After bidding Allan a farewell and agreeing that we should really do this all over again next year I set off to meet my next and last guest for 2015.
For the third year in a row it was a pleasure to take my good friend Ralf, from Germany, out on a Highland trout escapade. This time he had expressed a wish to fish from the bank and explicitly one that was made of limestone. The weather was in our favour. Light southerly winds and a mixture of sunshine and clouds greeted our arrival at what has to be my joint favourite trout venue in all of Scotland. After discussing the requirements to catch these tackle shy trout such as smaller flies than he had been used to from the drifting boat and also an extra 1.5metres of leader we set up and set off in search of limestone silver.
To say that it was a hard day would have been an understatement. I have been brought close to tears by these trout before but this was truly one of these days where you had stop and wonder why you were even trying. They just didn’t want to know. I successfully managed to botch two good takes and Ralf had only a handful of refused takes. These are probably the worst. The water is so clear that you can see the dark shadow slowly approaching only to see it veering off again in a different direction at the critical moment. As hard as we tried nothing was accepted.
The main source of entertainment that day was the Italian family who, after walking round the entire length of the loch, decided to set up camp for a whole hour behind a dip in the hill and talk at a level equal to that of an RAF squadron practicing low level manoeuvres. Actually, come to think of it, there was an RAF squadron out that day and our Italian visitors were beating them. After about 30 polite minutes of listening and trying not to laugh at the hysterical exchanges between the siblings I had had enough. I let out a huge cough that resulted in five small heads appear sheepishly over the dip. Then all went silent and our attention could go back to the fishing. This is, however, one of the beauties of being in the Highlands. With so much space it is easy to forget that you might not be totally alone and when you do, it is always a landscape that captures you so much that for a while it becomes reality.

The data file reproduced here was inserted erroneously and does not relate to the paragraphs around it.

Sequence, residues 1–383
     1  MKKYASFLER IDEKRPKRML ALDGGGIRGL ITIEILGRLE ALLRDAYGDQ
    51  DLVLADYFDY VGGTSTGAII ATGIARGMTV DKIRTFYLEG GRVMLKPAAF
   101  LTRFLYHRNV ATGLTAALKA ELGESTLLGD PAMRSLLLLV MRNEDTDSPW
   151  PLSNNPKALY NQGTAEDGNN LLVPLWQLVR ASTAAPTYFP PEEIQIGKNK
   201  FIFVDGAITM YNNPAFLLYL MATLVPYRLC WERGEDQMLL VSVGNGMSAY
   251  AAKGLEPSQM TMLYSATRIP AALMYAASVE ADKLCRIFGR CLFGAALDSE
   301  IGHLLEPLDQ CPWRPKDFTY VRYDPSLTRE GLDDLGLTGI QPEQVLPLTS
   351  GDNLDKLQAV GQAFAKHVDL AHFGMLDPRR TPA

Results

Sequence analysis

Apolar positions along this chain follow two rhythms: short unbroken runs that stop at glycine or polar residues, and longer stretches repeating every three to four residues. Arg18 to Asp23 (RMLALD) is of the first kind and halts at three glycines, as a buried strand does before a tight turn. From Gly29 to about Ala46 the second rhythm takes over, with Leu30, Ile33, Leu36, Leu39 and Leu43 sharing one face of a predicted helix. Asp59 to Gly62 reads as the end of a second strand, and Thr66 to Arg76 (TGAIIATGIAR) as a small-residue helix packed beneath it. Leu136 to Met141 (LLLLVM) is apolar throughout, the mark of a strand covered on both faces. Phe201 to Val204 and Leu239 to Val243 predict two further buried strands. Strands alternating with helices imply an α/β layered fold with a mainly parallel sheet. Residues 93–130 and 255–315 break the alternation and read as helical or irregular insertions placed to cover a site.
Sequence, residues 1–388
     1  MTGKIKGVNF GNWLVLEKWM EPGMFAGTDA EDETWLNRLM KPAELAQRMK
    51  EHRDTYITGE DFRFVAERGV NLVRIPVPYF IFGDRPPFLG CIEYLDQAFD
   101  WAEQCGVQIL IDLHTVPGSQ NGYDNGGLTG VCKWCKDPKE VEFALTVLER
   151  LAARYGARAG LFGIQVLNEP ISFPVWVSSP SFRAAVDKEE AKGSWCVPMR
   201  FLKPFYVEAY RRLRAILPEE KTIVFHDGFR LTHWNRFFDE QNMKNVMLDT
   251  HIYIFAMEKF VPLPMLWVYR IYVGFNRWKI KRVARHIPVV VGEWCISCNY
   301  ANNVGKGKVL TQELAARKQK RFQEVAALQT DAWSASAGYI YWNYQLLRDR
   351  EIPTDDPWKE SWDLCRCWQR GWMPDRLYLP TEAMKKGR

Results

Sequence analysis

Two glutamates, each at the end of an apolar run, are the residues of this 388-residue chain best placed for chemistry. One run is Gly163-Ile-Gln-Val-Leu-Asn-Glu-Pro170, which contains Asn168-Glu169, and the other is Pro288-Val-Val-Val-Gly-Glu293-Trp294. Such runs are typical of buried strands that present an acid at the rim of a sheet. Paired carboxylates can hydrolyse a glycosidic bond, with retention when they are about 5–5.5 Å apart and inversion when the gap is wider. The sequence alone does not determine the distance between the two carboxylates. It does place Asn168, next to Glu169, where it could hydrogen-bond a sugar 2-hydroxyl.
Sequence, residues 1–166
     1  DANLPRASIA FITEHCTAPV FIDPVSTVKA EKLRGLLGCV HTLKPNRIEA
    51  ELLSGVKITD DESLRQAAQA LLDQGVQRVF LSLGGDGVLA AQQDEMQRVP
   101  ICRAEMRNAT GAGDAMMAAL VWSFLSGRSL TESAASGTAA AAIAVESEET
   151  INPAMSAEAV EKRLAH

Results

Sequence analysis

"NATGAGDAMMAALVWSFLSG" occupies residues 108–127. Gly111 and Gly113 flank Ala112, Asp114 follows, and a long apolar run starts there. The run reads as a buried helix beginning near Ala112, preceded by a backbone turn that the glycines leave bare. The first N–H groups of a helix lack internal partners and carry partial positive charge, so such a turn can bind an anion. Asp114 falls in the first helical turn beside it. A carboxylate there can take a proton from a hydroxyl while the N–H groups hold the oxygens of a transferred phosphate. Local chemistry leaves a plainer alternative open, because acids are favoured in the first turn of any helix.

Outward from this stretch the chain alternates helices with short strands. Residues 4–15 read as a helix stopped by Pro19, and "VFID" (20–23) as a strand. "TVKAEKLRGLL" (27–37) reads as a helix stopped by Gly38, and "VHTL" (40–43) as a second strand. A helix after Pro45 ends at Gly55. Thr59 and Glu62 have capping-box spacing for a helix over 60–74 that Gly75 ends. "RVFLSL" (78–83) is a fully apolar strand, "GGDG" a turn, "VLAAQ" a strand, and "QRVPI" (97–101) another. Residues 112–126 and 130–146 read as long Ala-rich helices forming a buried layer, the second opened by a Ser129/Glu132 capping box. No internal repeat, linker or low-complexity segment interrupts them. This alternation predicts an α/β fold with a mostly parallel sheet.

Sadly Ralf decided to call it a day at around four o’clock in the afternoon, as he had to drive back down to Inverness that evening. I begged him to stay as I was
sure of the evening producing some good sport but he insisted that he simply couldn’t stay any longer. As he drove off down the hill to the main road I felt the wind pick up and turned round to
see clouds building up from the North. Knowing already that unsettled weather had been forecast for the late afternoon I was a little apprehensive at first but soon found myself walking round the
shoreline to a favourite spot for a few more casts. No sooner had I cast out my flies a fit trout of around 2lbs smashed into the bob fly. It seemed almost ironic that after all our hard work in
good conditions I was now returning some limestone silver in ever worsening ones. In fact, it got so bad that I found myself scrambling under two massive boulders to get out of the rain. It all
came along in the next hour. Thunder, lightening, rain and at one point even hail. Maybe Ralf had been right to call off any attempts to stay up for the night and try his luck with an evening
rise after all? He didn't know what was to come...